|The sheer number of people living and working in towns and cities has a big impact on the environment. Air pollution, in particular, is a growing problem in many areas and one that is keenly felt in London especially. In fact, new research by the Greater London Authority found that nearly 9 in 10 people in the capital are worried about air pollution, while two-thirds feel the air quality is bad in their local area. And crucially, almost three-quarters want ministers to do more to address the issue.
Interestingly, a separate report by the Mayor of London’s office shows people are right to be concerned, as every London borough recorded illegally high air pollution levels over the last 2 years. Furthermore, long-term exposure to air pollution was found to be responsible for the premature deaths of more than 9,000 Londoners.
So could businesses in all parts of the country benefit from tapping into the public concern over this particular issue? The answer is yes, as there are plenty of steps they can take to tackle poor air quality and show they care about the environment at the same time.
Think green when purchasing vehicles
Consider the green credentials of your fleet and when it is time to upgrade or replace vehicles, go for eco-friendly options where possible. You might even be able to get grants to purchase plug-in cars or vans, if it seems prohibitively costly. Once you’ve switched to a greener fleet, let your customers and other road users know by affixing car window stickers or window hangers printed with your eco-credentials.
Promote alternatives to driving to work
Much of the air pollution in your area comes from employees driving to work, so why not develop travel plans that encourage alternatives? For instance, equipping staff with cycling accessories such as bicycle seat covers and lights could motivate them into cycling to work. Promoting bus, train or tram routes, or even good walking routes near your office, could also be worthwhile. Why not encourage walking further by equipping staff with devices such as pedometers, as it reinforces the idea that exercise is not only eco-friendly but also good for a person’s health.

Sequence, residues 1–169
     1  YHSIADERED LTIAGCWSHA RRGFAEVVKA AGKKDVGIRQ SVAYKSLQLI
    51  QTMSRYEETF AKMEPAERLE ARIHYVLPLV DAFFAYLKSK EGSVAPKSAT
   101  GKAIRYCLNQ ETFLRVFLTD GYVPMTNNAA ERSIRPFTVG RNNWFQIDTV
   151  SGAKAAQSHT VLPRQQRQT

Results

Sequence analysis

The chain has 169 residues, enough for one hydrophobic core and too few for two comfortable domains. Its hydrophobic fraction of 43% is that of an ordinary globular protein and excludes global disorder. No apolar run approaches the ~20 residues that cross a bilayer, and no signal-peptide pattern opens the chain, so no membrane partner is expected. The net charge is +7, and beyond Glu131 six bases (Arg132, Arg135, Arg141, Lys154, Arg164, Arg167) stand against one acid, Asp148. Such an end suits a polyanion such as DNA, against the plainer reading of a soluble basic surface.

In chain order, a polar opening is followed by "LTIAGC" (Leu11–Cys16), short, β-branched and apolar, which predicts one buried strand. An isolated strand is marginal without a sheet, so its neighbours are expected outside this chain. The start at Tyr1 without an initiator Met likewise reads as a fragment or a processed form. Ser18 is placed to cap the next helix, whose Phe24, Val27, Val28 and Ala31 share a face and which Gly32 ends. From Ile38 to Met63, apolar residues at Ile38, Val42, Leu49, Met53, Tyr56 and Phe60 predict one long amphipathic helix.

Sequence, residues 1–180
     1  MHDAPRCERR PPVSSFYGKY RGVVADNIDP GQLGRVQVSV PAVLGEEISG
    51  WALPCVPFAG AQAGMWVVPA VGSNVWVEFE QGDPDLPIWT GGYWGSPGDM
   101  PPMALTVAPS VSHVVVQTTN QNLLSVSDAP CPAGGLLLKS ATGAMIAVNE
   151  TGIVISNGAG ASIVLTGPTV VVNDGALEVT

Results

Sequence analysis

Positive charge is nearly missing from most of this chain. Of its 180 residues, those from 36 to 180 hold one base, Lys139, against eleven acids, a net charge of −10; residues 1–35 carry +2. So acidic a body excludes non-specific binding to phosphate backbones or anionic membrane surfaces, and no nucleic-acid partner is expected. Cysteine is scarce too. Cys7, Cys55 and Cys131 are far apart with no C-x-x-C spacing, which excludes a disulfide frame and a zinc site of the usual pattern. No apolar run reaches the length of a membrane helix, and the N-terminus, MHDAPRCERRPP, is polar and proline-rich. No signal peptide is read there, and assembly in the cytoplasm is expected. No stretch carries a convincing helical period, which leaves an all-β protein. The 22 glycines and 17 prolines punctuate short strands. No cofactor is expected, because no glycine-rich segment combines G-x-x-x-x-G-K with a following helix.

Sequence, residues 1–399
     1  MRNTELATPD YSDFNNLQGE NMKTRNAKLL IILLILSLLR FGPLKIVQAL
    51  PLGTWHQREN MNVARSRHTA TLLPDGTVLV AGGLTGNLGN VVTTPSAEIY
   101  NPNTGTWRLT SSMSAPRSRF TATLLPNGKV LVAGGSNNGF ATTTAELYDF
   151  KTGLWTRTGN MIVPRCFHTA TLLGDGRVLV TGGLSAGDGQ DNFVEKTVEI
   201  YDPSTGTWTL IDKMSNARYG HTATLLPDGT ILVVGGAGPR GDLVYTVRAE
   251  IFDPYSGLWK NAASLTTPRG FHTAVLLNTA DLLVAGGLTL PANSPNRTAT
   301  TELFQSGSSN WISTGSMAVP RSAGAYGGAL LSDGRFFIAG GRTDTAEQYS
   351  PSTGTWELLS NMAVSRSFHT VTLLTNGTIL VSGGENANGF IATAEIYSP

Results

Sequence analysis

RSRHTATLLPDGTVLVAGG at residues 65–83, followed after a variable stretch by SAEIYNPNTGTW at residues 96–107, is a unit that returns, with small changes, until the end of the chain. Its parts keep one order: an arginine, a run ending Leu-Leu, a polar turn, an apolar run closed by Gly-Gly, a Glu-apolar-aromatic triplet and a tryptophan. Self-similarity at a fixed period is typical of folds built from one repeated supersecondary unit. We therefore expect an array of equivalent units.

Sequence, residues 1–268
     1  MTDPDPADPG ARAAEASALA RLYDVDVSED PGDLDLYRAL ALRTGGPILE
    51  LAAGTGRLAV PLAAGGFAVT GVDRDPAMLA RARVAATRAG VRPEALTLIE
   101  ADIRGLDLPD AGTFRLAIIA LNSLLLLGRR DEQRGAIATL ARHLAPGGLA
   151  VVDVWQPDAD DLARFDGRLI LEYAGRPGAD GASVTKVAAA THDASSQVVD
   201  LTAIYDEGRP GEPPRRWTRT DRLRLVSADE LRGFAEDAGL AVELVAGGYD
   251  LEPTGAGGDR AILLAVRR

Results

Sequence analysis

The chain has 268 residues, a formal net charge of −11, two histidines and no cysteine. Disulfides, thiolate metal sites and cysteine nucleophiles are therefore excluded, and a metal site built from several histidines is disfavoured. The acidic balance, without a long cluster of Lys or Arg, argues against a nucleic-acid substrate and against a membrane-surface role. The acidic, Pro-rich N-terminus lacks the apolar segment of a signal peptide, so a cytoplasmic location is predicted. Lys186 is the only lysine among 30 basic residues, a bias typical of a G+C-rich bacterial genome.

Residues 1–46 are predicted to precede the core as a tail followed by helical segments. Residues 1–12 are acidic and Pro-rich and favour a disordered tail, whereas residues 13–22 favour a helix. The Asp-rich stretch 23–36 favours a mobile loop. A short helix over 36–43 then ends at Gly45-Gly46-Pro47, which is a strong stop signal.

Air pollution is at its worst during the morning and evening rush hours, due to the sheer number of people driving to and from work at the same time. Employers could help to ease the traffic by encouraging flexible working practices, such as allowing people to start work earlier or later or permitting staff to work remotely. Remote working relies on having the right technical infrastructure in place, and employers could also provide equipment such as USB flash drives, headphones and speakers that would prove useful when working offsite.
Air quality is an issue that people feel strongly about, so it certainly pays to not only try to tackle the problem, but also to actively tell people what you’re doing and why you’re doing it. It could be invaluable in showing you care about the same things as your customers, and that you have a social and environmental conscience.
Sources / Further Reading
9 out of 10 Londoners say air pollution is at ‘crisis’ levels – poll London.gov
What you can do to improve air quality Southwark Council